He told me he had been seriously thinking over the matter, and after carefully reviewing his own feelings he could arrive at but one conclusion, viz, that I had become necessary to his happiness, and that he hoped for a mutual plan for speedy union.

He owned a farm in Iowa, which he proposed to sell, and invest the proceeds in a home in Chicago.

He also begged a promise that I would never make another attempt to recover my sight, which gave me an assurance that my blindness was no barrier to his love.

With a strange flutter of emotion my heart responded to his sweet assurances, and, as a weary child confidingly rests upon its mother's breast, so did my tired soul trustingly repose in the safe haven of his manly love, and cast its anchor there! safe amid the lowering clouds of life, serene amid its surging seas and wildest waves; for arching all was the Iris of bright-hued hope.


"Visions come and go; Shapes of resplendent beauty round me throng; From angels' lips I seem to hear the flow Of soft and holy song."

"'Tis nothing now— When heaven is opening on my sightless eyes, When airs from paradise refresh my brow, That earth in darkness lies."

Leaving Chicago I traveled via Michigan Southern Railroad to the little town of Jonesville, Michigan, the home of my childhood and the scene of so many fond and sad recollections.

Stopping at the village hotel for some preparation, I wended my way to the little cemetery. There was a picture in memory of a green hill-side slope, which, whenever the dark funeral day was recalled, formed a vivid and prominent feature of the scene; and so, upon that day, I found within the little "city of the silent" the identical hill-side, but, with the most scrutinizing search, failed to find the sacred mound holding the most hallowed form of the home group, and over which were shed the bitter tears of childhood's grief, more poignant and more lasting than we usually attribute to that period of life.

In the hope of eliciting some information I entered a cottage near by, which I found inhabited by aged people; but as they had been residents only seven years, and twenty-four years had elapsed since my mother was laid to rest, they could give me no light or aid, save the simple suggestion that there were a number of graves covered by the undergrowth of shrubbery, and perchance hers might be one of them. Accepting the possibility I found the one I sought, which could not fail to be recognized, for strange to say, time had dealt so gently that the slender picket fence was undecayed by his "effacing; lingers," and the name painted upon the little wooden head-board was distinctly visible. Grouped in quadrangular growth were four little trees, gracefully arching in a bowery drapery over the grave, as if nature in strange sympathy with the mourners left behind had offered this tribute to the noble mother. How vividly came back again the long lost childhood home, and as the wind sighed through the leafy boughs, seemed to sob a sad requiem for the dead. There was a little song I had learned in the Institution, and had so often sang, when unknown to those around me every chord in my sad heart seemed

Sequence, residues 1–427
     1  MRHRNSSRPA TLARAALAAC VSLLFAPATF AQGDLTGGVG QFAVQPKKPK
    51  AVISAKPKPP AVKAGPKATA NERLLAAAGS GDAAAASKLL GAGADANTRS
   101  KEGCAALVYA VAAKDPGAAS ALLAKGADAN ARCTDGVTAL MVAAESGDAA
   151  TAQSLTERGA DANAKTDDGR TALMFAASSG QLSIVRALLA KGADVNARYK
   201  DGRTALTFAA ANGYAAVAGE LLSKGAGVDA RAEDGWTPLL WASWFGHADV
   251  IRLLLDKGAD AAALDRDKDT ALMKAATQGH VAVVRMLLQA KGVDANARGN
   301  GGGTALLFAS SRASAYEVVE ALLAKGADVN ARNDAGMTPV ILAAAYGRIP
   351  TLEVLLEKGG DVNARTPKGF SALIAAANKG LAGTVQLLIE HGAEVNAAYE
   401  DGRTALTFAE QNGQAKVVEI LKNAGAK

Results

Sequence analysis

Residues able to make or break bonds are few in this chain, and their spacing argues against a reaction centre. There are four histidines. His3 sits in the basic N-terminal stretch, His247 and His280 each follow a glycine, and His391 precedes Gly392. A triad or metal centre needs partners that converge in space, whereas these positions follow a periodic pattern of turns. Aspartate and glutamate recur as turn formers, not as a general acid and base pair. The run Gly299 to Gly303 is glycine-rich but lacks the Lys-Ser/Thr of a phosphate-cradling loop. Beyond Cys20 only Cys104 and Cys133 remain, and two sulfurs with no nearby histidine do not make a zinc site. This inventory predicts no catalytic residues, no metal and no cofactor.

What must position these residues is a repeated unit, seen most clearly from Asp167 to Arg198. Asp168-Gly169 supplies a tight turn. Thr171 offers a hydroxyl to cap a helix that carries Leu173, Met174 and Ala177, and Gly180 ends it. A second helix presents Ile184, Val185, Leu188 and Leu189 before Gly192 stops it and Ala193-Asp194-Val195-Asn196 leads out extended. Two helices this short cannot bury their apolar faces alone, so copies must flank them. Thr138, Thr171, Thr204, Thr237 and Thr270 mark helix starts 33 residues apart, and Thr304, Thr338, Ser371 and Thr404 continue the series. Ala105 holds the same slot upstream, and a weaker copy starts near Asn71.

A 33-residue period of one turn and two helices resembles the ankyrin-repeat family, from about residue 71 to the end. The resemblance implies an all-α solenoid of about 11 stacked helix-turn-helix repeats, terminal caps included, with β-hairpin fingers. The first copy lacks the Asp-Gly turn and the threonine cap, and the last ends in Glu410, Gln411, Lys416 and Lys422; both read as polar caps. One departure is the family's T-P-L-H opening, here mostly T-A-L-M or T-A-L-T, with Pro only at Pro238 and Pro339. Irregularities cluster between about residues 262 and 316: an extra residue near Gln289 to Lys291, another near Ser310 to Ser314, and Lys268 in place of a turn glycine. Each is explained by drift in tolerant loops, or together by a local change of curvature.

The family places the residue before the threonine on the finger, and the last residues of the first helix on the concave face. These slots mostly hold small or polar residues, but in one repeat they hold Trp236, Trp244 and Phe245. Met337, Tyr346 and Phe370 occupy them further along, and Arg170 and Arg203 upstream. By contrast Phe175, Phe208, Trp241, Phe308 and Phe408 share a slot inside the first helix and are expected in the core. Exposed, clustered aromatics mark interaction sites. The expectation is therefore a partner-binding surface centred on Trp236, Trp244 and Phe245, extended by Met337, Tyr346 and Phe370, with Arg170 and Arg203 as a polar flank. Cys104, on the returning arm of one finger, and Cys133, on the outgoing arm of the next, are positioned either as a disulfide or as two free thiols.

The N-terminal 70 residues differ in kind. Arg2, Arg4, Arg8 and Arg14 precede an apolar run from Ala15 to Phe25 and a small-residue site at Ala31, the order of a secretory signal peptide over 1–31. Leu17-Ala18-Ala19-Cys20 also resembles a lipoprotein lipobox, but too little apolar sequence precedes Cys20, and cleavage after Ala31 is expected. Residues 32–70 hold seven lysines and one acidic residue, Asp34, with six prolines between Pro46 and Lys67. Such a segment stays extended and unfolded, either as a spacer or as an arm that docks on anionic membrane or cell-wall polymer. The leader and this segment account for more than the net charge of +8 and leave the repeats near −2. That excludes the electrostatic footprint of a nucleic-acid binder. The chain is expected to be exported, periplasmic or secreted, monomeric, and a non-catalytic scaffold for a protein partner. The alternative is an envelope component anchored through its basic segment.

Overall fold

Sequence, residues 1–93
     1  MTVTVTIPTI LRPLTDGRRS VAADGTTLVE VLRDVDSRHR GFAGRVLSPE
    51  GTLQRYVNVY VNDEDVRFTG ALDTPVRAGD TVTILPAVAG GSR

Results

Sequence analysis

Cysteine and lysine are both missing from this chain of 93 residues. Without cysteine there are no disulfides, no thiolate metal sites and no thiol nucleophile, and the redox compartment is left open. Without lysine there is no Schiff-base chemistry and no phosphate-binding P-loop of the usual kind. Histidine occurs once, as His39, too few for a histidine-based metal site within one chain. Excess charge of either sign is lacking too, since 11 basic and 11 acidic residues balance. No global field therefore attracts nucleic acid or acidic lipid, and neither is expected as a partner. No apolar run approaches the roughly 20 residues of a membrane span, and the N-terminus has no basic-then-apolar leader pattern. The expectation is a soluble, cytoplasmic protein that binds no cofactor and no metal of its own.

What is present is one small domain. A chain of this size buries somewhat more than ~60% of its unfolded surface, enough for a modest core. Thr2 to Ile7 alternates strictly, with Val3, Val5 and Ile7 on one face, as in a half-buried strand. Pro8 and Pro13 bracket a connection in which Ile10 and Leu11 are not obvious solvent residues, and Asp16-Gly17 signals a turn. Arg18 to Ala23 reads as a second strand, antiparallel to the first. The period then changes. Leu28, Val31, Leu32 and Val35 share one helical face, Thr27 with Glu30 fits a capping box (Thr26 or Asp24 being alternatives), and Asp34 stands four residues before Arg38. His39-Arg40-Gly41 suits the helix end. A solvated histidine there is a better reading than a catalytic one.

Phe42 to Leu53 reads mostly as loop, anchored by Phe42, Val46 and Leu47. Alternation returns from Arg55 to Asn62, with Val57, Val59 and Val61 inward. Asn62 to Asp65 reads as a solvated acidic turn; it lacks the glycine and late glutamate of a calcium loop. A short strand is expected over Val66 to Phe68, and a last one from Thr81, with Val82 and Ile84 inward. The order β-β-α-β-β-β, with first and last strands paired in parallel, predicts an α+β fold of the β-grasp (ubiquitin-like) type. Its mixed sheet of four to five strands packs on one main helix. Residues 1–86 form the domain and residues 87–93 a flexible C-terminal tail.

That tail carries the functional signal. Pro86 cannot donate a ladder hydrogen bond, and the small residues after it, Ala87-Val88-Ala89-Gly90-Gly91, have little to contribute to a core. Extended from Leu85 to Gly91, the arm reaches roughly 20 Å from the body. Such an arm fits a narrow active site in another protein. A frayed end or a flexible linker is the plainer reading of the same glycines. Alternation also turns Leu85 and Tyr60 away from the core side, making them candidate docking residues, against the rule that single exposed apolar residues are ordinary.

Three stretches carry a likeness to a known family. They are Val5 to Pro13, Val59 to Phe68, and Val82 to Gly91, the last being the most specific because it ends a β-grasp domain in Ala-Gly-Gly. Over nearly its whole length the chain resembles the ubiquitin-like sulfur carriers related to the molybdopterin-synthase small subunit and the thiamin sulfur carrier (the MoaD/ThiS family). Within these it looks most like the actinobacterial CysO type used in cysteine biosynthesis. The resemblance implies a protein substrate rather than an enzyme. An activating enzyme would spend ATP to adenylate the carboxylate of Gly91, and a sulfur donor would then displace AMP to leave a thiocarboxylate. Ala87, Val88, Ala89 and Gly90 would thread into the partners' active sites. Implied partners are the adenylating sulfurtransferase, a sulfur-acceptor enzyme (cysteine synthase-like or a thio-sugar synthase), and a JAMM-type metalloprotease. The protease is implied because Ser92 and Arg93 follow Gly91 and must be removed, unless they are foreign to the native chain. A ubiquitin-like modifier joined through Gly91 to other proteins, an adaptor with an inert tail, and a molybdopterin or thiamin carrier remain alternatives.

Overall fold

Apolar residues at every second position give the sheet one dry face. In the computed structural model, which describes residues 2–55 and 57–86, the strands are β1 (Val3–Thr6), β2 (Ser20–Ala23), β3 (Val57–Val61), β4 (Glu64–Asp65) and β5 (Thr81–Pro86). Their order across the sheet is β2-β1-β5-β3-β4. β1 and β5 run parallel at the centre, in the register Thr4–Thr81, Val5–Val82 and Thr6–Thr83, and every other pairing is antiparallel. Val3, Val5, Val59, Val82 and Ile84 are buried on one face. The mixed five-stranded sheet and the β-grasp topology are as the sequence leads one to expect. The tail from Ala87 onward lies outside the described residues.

"As harp-strings broken asunder, By music they throbbed to express."

Then the sweet, sad words come back in memory,

"I hear the soft winds sighing, Through every bush and tree; Where my dear mother's lying, Away from love and me.

Tears from mine eyes are weeping, And sorrow shades my brow; Long time has she been sleeping— I have no mother now."

After a long, lingering look, I turned sadly away, going to the little marble yard in the vicinity, and seeking the proper person, I communicated to him the desire for a head and foot-stone for the grave, together with marble corner stones to support an iron chain for an enclosure, asking him for an estimate of the cost.

Looking at me with almost tearful emotion, he said, when the blind girl, after the lapse of twenty-four years, comes back to offer a tribute to the memory of her mother, the result of her own unaided earnings, I can but be generous, and offered to do all for half the usual price. Knowing instinctively that I could trust him, I left all in his hands, and have never had occasion to feel that I had misplaced my confidence.

Before leaving the village I visited a clothing store which had formerly been the tin shop in which my father worked; and again I was a child, my little form perched upon the wooden work-bench, and my ears soothed by the melody of my father's song, for ever as he sat at his daily labor he lent it the charm of his sweet voice.

Strange to say, there was no one there who knew the "blind girl." All my mother's friends had vanished, and "they were all gone, the dear familiar faces." I fondly bade adieu to Jonesville with the consciousness of having performed a sad duty, and proceeded with my avocation, with my wonted success, until we reached Toledo, Ohio, where Miss Weaver was attacked with a serious illness which kept me in constant attendance upon her for several weeks.

Her physician assuring me that she would be unable to resume her duties for some time longer, we decided it best for all to send her East. Procuring her a ticket, and placing her under kind protection, I sent her to her friends in New York.